Fig 1 from Ref 2

In this Fig. we can see that the "Mean Equinox", in the TEME sense, is on the "True Equator" plane, but it is not the intersection of this True Equator with the (true) Ecliptic (so not really an Equinox in its classical sense!). As implied by Fig. 1, you have to take the intersection between the Ecliptic and the "Mean Equator" (Equator computed with precession equation, but ignoring nutation), then project it to the "True Equator". The "of date" term means that the precession is taken into account. The precession is a slow motion of the CEP with a perod of 25700 years.

I feel that my answer is correct. But I apologize in advance if my interpretations are wrong!

[1] https://celestrak.org/publications/AIAA/2006-6753/AIAA-2006-6753-Rev2.pdf

[2] https://geodesy.geology.ohio-state.edu/course/refpapers/AIAA4025.pdf


how do I determine the Greenwich sidereal time from a given TEME reference time

There is a bit of a problem. Because the reference time used in the TLEs, thus TEME, has never been officially confirmed. The following is from "Revisiting Spacetrack Report #3".

D. Coordinate System


However, you should be aware of an additional nuance, specifically the ‘of date’ and ‘of epoch’ formulations.

  • TEME of Date—With this option, the epoch of the TEME frame is always the same as the epoch of the associated ephemeris generation time. The transformation to ECEF is done by first finding the conversion from TEME to TOD (third equation in Eq. (1)). Next the standard transformation from TOD to ECF is computed. We could have gone directly to PEF without the TOD frame (second equation in Eq. (1)), but this implementation enables comparison with the TEME of Epoch approach. All transformations are found using the complete IAU-76/FK5 formulae, including nutation.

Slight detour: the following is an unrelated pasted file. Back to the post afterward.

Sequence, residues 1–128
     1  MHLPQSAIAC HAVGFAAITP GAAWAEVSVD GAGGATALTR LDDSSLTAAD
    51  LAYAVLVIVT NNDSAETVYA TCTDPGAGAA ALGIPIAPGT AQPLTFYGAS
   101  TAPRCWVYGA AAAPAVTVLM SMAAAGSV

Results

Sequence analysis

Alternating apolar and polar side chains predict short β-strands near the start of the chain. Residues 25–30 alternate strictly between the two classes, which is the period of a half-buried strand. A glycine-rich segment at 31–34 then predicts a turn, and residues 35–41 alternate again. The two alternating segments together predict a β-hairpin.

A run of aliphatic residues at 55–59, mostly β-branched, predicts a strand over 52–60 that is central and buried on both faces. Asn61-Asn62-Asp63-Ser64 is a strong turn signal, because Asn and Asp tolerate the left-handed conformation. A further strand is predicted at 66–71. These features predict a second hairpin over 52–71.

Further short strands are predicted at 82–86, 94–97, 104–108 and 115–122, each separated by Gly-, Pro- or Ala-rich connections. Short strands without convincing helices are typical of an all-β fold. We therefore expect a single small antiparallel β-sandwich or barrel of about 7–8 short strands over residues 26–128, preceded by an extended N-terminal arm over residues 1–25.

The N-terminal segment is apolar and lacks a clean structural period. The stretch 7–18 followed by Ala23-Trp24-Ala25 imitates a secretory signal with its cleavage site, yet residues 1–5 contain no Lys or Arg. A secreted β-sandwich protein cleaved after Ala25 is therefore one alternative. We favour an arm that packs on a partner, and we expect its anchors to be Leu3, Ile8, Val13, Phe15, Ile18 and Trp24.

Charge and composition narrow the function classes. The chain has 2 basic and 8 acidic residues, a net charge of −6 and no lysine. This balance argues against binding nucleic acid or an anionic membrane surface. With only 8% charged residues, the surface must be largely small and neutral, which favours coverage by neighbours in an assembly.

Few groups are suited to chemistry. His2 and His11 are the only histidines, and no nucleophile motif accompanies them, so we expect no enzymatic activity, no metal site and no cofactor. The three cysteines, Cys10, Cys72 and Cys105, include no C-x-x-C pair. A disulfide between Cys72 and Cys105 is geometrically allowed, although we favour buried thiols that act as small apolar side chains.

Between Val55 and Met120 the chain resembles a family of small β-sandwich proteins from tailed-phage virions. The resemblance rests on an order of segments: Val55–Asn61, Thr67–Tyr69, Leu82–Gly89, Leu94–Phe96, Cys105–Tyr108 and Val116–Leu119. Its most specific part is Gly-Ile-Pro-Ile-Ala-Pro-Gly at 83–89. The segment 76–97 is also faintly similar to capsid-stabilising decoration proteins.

• TEME of Epoch—In this approach, the epoch of the TEME frame is held constant. Subsequent rotation matrices must therefore account for the change in precession and nutation from the epoch of the TEME frame to the epoch of the transformation. This is accomplished by finding a static transformation from TEME to J2000—this includes the equation of the equinoxes, the nutation, and the precession which are all calculated at the epoch of the TLE. This static transformation is applied at each time requested in an ephemeris generation. Once the J2000 vector is found, standard techniques can convert this to other coordinate systems, at the appropriate time. This is computationally intensive, and introduces error into the subsequent solutions. All transformations, after the initial static calculations, are computed using the complete IAU-76/FK5 formulae, including all terms of the nutation theory.

Researchers generally believe the ‘of date’ option is correct, but confirmation from official sources is uncertain, and others infer that the ‘of epoch’ is correct. To be complete, we provide the equations and an example problem of both in the Appendix.


E. Time System Issues


The time system is assumed here to be UTC, but no formal documentation exists and UTC, as currently defined, was only introduced in 1972. UT1 is needed to calculate GMST for the coordinate transformations discussed in the appendix

If you think you can use UT1, "GMST is linked directly to UT1 through the equation"

GMST (in seconds at UT1=0) = 24110.54841 + 8640184.812866 * T
               + 0.093104 * T^2 - 0.0000062 * T^3

where T is in Julian centuries from 2000 Jan. 1 12h UT1

    T = d / 36525
    d = JD - 2451545.0